• Purpose of Monitoring: The employer must have a clear and legitimate business reason for the monitoring.
  • Transparency: Employees should be clearly informed about what is being monitored and why.
  • Proportionality: Monitoring should be proportionate to the risk involved and should not be excessive.
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Balancing Privacy And Company Security

When it comes to protecting both the privacy of employees and the security of company data, we must recognise the delicate equilibrium that must be maintained.

Security measures are essential to safeguard against cybersecurity threats and to protect the integrity of company information.

However, these security protocols should not breach an employee’s reasonable expectation of privacy, especially when using personal devices.

The key elements to consider are:


  • Expectation of Privacy: Employees may expect some level of privacy even when using company resources, particularly when it comes to personal emails or social media, although this is typically less protected on company devices.
  • Use of Personal Devices: If personal devices are permitted for work-related activities, policies relating to the monitoring of these devices should be explicitly defined and communicated.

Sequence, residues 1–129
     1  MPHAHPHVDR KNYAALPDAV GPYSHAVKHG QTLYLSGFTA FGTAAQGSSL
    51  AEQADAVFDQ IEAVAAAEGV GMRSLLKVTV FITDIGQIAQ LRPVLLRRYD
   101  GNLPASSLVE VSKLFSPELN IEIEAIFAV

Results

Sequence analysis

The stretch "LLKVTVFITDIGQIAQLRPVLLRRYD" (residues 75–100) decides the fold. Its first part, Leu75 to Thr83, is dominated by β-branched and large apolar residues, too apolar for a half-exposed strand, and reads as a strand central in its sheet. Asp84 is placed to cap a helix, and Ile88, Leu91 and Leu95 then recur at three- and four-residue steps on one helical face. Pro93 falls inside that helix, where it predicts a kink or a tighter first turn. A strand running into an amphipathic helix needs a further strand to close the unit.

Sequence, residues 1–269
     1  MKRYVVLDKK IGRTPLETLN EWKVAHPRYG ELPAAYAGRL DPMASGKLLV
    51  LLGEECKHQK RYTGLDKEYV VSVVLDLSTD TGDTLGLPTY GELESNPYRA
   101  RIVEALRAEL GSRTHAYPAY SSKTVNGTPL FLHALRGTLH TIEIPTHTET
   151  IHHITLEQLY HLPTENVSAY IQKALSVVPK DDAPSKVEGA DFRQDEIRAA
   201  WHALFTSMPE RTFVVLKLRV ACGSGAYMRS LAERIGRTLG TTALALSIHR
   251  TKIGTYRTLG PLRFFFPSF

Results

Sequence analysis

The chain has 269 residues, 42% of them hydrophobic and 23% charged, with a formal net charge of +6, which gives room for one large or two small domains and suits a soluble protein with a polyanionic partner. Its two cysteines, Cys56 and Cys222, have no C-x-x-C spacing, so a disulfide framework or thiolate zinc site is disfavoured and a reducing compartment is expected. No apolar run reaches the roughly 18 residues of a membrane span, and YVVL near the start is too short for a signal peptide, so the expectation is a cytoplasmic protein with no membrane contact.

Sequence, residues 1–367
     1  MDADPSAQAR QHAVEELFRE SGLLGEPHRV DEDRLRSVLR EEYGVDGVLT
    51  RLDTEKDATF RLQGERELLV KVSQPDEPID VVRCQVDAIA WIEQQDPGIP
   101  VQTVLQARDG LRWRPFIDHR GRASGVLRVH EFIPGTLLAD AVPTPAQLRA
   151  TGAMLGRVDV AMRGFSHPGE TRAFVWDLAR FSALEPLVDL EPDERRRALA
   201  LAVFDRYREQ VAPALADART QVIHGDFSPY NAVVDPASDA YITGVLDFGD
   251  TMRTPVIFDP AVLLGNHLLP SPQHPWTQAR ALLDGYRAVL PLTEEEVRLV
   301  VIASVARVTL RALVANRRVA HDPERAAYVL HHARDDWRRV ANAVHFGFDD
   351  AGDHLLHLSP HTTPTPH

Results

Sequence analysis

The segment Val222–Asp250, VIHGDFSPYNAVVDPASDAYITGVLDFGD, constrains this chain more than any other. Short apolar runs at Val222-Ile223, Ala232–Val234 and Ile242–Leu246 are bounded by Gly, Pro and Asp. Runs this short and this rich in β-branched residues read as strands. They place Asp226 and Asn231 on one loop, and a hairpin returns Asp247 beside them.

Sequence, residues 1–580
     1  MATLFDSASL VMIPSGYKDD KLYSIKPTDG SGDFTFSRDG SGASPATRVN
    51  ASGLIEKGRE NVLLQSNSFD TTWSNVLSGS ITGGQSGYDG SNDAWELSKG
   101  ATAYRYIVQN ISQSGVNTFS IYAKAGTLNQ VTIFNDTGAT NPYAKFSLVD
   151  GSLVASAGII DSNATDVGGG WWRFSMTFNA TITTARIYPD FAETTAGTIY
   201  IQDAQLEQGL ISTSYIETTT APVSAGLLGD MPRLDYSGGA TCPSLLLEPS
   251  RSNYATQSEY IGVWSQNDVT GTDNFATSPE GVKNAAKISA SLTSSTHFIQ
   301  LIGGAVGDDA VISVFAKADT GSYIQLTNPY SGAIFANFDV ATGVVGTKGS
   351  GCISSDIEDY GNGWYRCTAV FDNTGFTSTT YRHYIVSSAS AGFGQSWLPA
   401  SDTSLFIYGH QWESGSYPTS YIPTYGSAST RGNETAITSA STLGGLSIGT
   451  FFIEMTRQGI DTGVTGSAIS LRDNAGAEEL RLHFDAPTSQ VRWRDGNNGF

• Monitoring Scope: Any monitoring should be relevant to work activities, avoiding unnecessary intrusion into personal affairs.

Our Final Word

Monitoring of company Wi-Fi is a multifaceted issue that balances the needs of the employer for security and productivity with the privacy concerns of employees.

Employers utilise various tools, from SIEM systems to network analyzers, to monitor network activities, including website visits, time spent on each site, and data transfer.

These tools, while essential for security and maintaining the integrity of company data, are governed by legal and ethical considerations that aim to protect employee privacy.

As digital workspaces evolve, both employers and employees must be aware of the monitoring mechanisms in place, their legal implications, and the importance of balancing security with privacy.

This understanding is crucial in creating a work environment where company interests are safeguarded while respecting the reasonable privacy expectations of employees.

Want to discuss your company’s WiFi set-up? Get in touch here.